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Can I be both successful and kind?

Is it possible to be soft, yet strong? It can feel like a battle; grasping for control over our own success and desires, yet staying true to our values. Hilary Gallo, executive coach and author of 'The Power Of Soft', explains it’s a lot like Pilates…

by Psychologies

allow people to be heard - listen without interrupting

Build a strong core

1. Ask yourself what you really need, at your core. Imagine my daughter and I are on the verge of having a row about her being home by 10pm every night. Once I accept that what I actually need is to know she does her homework and gets a good night’s sleep, things change. I learn she needs to feel trusted and have some freedom. Once we understand each other’s needs, it’s easier to agree a way forward. Making demands feels like a good way to get what we want, but often has the reverse effect. Instead, if we pull back to what we really need at the core, a more fluid way of working with others will often emerge.

2. We also try to get external control by trying to change others and how they act. It’s like shouting at the TV or the referee: disempowering and pointless. Frustrating though it is, we can’t change others or what we don’t control. But pulling back to what we do control is hugely empowering. Our sphere of influence tends to expand once we focus our efforts within it. Applying our efforts to playing, rather than arguing with the referee, is what will win the game. We should hold our sense of commitment at the core, rather than any particular outcome. If we know what we need, we are far less attached to any particular way of satisfying our needs.

3. Whether we are trying to negotiate a deal or get something done, it pays to think through what we will do if we just can’t make it happen. Do we really need it? Are there other things we could do? Being able to have a ‘multi-tracked mind’ takes the pressure off and allows a decision to happen as it should, rather than as we think it must. It’s hugely empowering to have choices.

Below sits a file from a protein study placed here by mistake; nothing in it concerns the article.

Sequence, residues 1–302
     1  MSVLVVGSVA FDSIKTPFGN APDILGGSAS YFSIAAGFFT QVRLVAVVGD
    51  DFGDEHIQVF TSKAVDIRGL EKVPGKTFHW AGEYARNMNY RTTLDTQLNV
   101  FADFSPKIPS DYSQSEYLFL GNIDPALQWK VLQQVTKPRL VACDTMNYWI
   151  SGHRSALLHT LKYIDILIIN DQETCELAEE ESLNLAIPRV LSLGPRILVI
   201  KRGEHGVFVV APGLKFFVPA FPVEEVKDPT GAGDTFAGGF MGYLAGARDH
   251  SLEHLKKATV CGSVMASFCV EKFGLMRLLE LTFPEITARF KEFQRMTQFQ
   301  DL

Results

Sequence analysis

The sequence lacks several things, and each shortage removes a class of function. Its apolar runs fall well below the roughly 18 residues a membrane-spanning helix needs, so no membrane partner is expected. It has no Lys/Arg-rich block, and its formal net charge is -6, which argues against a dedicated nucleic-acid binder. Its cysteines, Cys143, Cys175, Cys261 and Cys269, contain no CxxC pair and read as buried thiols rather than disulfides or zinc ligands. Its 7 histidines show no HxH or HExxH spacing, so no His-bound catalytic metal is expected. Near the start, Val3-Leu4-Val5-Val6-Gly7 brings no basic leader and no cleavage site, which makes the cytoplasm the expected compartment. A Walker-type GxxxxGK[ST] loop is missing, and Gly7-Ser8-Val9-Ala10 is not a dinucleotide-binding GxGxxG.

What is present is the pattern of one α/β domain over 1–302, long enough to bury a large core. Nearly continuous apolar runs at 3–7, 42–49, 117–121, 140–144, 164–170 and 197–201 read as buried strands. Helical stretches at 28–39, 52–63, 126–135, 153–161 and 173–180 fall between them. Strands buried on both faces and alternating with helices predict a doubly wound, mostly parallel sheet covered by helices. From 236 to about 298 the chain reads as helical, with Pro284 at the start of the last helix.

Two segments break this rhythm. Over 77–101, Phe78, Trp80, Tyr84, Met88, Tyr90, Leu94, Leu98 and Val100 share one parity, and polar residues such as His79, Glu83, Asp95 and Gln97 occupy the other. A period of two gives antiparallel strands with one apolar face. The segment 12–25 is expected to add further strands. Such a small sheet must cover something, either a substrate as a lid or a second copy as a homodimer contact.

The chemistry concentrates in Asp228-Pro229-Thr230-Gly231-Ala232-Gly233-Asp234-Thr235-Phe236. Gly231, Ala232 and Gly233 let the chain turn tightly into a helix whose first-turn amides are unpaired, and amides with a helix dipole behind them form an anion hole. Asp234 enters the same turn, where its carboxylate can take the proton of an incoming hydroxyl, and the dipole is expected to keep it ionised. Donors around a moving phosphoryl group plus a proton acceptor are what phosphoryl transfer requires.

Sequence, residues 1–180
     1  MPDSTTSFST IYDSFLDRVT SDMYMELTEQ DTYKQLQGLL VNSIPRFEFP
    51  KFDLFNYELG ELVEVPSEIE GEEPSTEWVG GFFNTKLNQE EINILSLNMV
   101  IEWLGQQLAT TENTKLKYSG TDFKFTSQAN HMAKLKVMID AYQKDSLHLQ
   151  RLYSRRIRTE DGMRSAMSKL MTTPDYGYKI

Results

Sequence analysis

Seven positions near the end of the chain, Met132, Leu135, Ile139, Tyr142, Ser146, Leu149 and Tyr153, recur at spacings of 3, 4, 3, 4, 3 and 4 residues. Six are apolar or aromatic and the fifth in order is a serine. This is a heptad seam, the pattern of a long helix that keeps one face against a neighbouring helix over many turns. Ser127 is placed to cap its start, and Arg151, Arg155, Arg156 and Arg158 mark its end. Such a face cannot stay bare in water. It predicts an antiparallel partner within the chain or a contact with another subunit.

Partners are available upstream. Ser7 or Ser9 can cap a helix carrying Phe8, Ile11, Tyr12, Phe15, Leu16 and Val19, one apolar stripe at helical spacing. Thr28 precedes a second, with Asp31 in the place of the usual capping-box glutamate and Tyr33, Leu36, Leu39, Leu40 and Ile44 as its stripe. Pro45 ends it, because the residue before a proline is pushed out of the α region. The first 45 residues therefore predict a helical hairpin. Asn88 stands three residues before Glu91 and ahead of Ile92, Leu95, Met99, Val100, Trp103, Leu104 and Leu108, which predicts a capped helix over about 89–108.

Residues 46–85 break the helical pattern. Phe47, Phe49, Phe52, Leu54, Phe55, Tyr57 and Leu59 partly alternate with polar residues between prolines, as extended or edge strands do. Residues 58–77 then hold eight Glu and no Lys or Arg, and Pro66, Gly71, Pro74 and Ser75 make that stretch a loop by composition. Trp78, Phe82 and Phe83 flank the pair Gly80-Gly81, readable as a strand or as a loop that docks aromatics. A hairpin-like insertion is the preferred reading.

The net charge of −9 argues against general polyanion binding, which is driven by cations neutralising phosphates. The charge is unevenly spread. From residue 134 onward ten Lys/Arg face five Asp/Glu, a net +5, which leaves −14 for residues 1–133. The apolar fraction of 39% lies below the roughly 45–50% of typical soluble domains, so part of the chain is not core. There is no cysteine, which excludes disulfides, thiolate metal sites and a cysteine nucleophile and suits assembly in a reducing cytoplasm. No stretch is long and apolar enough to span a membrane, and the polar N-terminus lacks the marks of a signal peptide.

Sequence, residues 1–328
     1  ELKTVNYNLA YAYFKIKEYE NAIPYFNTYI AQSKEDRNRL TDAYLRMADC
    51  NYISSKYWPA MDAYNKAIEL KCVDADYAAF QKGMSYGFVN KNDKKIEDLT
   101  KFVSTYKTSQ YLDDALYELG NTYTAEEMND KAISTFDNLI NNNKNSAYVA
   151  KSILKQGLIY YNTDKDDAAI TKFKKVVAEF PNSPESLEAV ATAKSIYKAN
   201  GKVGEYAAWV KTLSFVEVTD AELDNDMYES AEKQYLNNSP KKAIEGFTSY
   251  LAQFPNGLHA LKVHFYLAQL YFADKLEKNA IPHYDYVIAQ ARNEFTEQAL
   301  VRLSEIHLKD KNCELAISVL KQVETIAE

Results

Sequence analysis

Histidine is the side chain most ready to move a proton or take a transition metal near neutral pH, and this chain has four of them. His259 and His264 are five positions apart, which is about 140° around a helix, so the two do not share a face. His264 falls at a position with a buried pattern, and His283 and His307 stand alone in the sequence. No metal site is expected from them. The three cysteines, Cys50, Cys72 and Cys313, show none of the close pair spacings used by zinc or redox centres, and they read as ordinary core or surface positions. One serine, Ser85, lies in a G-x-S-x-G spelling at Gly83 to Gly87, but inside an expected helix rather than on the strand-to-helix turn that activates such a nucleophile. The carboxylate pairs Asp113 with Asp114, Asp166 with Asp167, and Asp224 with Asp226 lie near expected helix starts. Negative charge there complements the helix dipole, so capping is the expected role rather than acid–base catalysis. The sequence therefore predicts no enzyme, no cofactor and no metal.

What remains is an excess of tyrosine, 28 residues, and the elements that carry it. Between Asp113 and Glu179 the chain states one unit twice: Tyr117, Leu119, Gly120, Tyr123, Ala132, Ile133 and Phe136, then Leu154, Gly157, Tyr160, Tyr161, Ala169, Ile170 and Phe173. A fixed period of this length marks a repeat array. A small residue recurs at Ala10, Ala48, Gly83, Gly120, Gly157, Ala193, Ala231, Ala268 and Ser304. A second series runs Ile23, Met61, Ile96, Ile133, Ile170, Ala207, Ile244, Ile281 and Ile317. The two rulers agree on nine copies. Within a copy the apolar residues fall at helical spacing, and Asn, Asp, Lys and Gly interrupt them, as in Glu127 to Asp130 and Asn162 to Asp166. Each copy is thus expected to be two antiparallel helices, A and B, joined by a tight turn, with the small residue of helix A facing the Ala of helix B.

Nurture a soft, open front

1. Softness allows space for people to be heard. It’s annoying to be interrupted when we are speaking to be told what someone else thinks. Experiment in listening to a friend without commenting. It’s hard but unless there is a bit of silence, no-one is really listening. ‘Mmm’ is a good response, as is ‘and...’. Good questions tend to start with ‘What’, such as, ‘What stops that happening?’ or simply, ‘What’s next?’ If you hear something interesting, repeat it back – ‘I notice that…’, ‘So, what you need is…’. If you do this for others, in time, they will do it for you.

2. What makes us angry in our external lives is a clue to our own truths. Pausing and tasting the anger before exploding gives us a moment to reflect. If other drivers get in our way and annoy us, use the power of ‘soft openness’ to see that blaming others doesn’t help the other person, the situation or us. Anger now is the trigger to help us address our deeper needs that are not being met. We might simply need more time or have other emotional needs. Either way, we get to recognise and address what really matters for us.

3. ‘Wishing Well’ is a simple process that can have a big effect. We select strangers that we see, think about them for a moment and, in our thoughts, wish them well for their day. Try to do this for up to a dozen people a day for a few days and see how it makes you feel. Kindness to others can work even better than being kind to ourselves. In a connected world, it’s probably the same thing.

The Power Of Soft is published by crowd-funding publisher Unbound. Explore more at unbound.co.uk/books/the-power-of-soft

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